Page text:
A recent survey found a slight majority of UK drivers support the EU push to increase the number of electric charging points in the country.
Just over half (56%) of survey respondents believed that there should be more charging points, without which those electric cars might run out of power. Clearly this key risk needs to be dealt with and without which drivers are unlikely to adopt electric motoring and take advantage of the lower tax free fuel costs.
This of course leaves a substantial 44% minority who do not support an increase in the number of charging points. One of their questions being "Just how green are electric cars?" and in particularly the logic of burning dirty coal to produce this electricity.
The second more local issue being raised is the conversion of available parking bays into electric charge points only, this is causing a lot of irritation. This is especially the case in parts of London where the already limited parking slots are rapidly being converted to these charging points.
Locals are questioning why these community parking spots are now being made solely available to the less than 1% of drivers who drive an electric vehicle. A clear frustration for the 99% of residents unable to use these historic parking slots. What clearly adds salt to the wound is that many of these electric vehicle drivers are commuting into central London and are now exempt from the London congestion charge because they drive electric cars.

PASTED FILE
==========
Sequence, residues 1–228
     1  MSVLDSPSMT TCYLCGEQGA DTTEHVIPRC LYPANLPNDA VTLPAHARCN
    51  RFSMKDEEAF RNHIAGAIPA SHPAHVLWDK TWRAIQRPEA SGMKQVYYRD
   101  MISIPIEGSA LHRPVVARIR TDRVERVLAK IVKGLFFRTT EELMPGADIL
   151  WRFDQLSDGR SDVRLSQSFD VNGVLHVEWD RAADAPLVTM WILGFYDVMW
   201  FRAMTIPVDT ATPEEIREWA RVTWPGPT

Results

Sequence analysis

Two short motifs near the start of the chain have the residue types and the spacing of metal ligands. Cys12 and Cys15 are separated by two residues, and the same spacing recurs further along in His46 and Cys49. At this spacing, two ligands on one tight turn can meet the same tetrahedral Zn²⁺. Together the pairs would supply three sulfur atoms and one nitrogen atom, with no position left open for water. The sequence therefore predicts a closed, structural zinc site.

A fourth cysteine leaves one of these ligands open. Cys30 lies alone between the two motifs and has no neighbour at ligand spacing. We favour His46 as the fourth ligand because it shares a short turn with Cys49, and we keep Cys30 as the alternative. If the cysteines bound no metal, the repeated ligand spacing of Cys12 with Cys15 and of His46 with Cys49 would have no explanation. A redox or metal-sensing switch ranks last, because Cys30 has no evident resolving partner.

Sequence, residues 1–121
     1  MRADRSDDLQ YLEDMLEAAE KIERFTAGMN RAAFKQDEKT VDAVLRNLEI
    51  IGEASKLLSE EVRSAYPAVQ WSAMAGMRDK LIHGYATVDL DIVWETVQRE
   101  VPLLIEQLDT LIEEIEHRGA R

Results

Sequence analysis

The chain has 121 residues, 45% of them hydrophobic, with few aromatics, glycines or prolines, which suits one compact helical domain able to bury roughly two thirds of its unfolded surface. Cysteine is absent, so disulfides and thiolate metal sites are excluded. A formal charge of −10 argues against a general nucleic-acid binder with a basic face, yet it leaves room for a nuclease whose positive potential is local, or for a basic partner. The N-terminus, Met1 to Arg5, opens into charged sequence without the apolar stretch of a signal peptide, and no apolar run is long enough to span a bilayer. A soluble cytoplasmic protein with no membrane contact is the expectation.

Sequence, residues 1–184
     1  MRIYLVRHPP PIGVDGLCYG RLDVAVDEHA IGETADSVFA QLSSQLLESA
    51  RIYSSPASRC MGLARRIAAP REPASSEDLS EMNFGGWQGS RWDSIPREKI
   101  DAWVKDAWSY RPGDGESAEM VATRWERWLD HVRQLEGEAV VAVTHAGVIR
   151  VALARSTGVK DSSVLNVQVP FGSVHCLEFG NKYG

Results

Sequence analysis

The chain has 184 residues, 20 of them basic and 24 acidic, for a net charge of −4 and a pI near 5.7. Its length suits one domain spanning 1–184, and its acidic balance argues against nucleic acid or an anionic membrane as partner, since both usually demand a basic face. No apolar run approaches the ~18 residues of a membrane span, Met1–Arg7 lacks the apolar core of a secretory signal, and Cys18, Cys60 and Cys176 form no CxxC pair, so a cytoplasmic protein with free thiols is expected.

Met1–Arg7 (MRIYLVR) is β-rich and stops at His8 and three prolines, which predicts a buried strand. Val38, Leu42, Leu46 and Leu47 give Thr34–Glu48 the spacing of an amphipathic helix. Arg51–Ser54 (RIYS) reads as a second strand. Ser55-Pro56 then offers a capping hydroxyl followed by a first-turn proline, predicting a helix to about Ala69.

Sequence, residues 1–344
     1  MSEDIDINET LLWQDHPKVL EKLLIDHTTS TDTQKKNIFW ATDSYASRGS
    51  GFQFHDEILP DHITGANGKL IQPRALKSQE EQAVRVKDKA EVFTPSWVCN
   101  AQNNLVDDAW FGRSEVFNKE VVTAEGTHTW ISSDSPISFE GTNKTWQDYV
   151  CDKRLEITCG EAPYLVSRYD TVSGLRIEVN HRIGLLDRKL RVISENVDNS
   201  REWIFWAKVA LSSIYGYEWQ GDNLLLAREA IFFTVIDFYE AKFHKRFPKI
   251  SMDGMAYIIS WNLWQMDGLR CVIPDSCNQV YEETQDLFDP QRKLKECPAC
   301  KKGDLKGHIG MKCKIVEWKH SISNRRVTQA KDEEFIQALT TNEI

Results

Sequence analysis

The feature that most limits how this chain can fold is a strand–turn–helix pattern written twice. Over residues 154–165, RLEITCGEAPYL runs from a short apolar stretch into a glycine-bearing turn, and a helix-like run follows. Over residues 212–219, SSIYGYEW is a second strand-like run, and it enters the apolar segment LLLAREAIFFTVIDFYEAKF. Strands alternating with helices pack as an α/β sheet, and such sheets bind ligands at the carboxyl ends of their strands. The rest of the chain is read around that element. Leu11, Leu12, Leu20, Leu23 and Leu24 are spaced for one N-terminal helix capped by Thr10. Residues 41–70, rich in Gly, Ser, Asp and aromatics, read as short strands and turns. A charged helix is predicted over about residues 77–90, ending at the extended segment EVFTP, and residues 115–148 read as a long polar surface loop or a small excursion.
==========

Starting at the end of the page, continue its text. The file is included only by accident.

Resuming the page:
With the government falling short of their EU agreed targets for charging points and "Clean Energy Provision" it seems that this green agenda was promoted to the public without the necessary infrastructure being put in place and where the benefits are only available to a tiny minority. On the other hand without more charging points in place the take up is likely to be very slow and electric motoring will remain a choice for the few.
Be Wiser Insurance chairman, Mark Bower-Dyke, comments:
"Potential drivers of electric cars are clearly concerned that they might run out of power due to a lack of charging points, and so they are likely to wait until there are more charging points in place before buying electric cars. This slow take up clearly is an issue, however if there is not a significant increase in the number of charging points, it’s unlikely that much is going to change. Local sentiment also needs to be considered if we are going to build a broad consensus."
An electric car hire scheme will be introduced in London next year by French company the Bollore Group, with the aim to increase charging points in London.